The authors clarified that studies were excluded if they were not relevant (such as those involving an inappropriate study population) or did not investigate the association of interest. For instance, studies examining the link between ocular diseases like glaucoma, cataract, DMA, diabetic retinopathy and cognitive disorders were excluded. Similarly, studies that solely evaluated the association with other sensory impairments (such as hearing or olfactory) were also not considered.

This systematic review, adhering to PRISMA guidelines, conducted a literature search on the correlation between visual and cognitive impairments in Low-and Middle-Income Countries (LMICs). Databases such as EMBASE, Medline, Global Health, PsycInfo, PsycArticles, and Web of Science were utilized, with specific search terms related to visual impairment, cognitive disorders, and LMICs. Additionally, grey literature and the database of the Institute of Tropical Neuroepidemiology in University of Limoges were searched using “dementia” as a keyword. The search was then narrowed down to records exploring the association with visual impairment in LMICs. The search was completed on 14 February 2019

n this systematic review, two independent investigators used the Rayyan App to screen titles and abstracts. They retrieved full-texts and compared their choices for inclusion or exclusion. In case of any disagreement, they held meetings to reach a consensus on the articles to be included or excluded. For included studies, data was extracted by the first investigator and checked by the second investigator.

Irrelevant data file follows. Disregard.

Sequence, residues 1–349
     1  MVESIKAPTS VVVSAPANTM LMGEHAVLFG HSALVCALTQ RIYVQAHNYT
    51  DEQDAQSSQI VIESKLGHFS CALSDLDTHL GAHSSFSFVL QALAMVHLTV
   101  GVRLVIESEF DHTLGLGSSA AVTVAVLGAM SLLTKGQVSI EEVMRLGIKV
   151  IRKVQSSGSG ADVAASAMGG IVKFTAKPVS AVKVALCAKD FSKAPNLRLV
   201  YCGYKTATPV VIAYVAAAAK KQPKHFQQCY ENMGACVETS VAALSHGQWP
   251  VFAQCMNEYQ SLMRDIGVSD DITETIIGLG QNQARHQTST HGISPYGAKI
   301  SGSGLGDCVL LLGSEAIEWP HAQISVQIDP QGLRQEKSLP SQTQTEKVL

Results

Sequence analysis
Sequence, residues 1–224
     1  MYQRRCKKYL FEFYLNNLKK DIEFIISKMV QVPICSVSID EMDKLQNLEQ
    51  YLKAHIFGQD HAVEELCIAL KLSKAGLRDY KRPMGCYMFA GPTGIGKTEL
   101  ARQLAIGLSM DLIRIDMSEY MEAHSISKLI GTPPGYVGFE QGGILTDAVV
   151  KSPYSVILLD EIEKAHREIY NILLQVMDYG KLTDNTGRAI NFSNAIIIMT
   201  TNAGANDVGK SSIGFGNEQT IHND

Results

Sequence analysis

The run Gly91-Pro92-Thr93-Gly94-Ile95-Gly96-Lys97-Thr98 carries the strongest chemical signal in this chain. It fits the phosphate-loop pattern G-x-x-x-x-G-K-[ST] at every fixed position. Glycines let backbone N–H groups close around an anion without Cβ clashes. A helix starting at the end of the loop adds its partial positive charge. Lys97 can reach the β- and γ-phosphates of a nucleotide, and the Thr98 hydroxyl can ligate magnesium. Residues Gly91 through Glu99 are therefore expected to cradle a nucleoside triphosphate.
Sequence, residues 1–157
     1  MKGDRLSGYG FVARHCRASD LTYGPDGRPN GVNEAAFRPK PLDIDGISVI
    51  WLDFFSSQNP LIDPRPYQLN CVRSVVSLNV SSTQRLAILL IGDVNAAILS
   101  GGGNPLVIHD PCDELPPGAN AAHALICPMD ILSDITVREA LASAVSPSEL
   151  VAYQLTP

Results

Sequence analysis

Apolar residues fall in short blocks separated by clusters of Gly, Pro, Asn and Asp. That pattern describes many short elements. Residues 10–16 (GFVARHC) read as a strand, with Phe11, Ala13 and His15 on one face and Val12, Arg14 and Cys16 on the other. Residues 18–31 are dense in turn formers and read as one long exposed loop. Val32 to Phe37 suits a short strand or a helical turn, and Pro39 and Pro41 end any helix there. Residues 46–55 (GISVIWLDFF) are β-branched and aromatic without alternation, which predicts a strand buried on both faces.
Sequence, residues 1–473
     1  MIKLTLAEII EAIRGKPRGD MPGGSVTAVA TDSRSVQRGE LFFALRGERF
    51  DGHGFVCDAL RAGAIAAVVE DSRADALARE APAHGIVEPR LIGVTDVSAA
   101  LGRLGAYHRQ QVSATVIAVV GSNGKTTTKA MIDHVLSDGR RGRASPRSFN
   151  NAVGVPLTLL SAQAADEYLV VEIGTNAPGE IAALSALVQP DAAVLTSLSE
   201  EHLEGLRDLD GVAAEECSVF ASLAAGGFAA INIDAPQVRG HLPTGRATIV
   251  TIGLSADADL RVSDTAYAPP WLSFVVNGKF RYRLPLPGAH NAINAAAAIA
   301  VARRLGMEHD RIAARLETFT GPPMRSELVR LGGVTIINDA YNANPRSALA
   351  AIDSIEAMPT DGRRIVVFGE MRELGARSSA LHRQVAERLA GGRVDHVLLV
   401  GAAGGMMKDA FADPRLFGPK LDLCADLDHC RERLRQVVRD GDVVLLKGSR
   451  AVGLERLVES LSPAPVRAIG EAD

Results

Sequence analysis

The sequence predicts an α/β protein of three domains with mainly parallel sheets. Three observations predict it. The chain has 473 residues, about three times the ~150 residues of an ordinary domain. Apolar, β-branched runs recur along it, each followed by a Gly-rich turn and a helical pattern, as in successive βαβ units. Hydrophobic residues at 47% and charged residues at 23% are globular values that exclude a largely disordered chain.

To evaluate the methodological quality of included studies, authors used the Newcastle-Ottawa Scale (NOS) was used to evaluate study quality. Overall score ranges from 0 to 10 for cross-sectional and case-control studies, and from 0 to 9 for longitudinal studies. Scores obtained were categorised into four groups: articles with an overall score below 4, from 5 to 6, from 7 to 8 and from 9 to 10 were respectively considered as poor, medium, good and very good quality.

Applicability/external validity:

The authors highlight that given the limited number of studies examining the relationship of interest and the diverse definitions of visual impairment and cognitive outcomes, it is challenging to draw a definitive conclusion about the strength of the association between these disorders in LMICs, and to compare this with the evidence from high-income counrties.

Geographic focus: Study limited to LMICs articles, and the majority of those included are located within Asia.

Summary of quality assessment:

The methodologies employed for identifying, including, and critically evaluating studies were notably solid, with multiple authors participating in each phase and a search strategy that was not limited by language or publication status. However, there was no mention of consulting relevant experts during the search process. Although the analysis approach for the included studies was rigorous, there was no effort to separately analyze studies based on their associated bias risks. Consequently, we hold medium confidence in the review’s findings.

Publication Source:

Gbessemehlan A, Guerchet M, Helmer C, Delcourt C, Houinato D, Preux PM. Association between visual impairment and cognitive disorders in low and middle income countries: a systematic review. Aging Ment Health. 2021 Oct;25(10):1786-1795. doi: 10.1080/13607863.2020.1808878. Epub 2020 Sep 8. PMID: 32896159.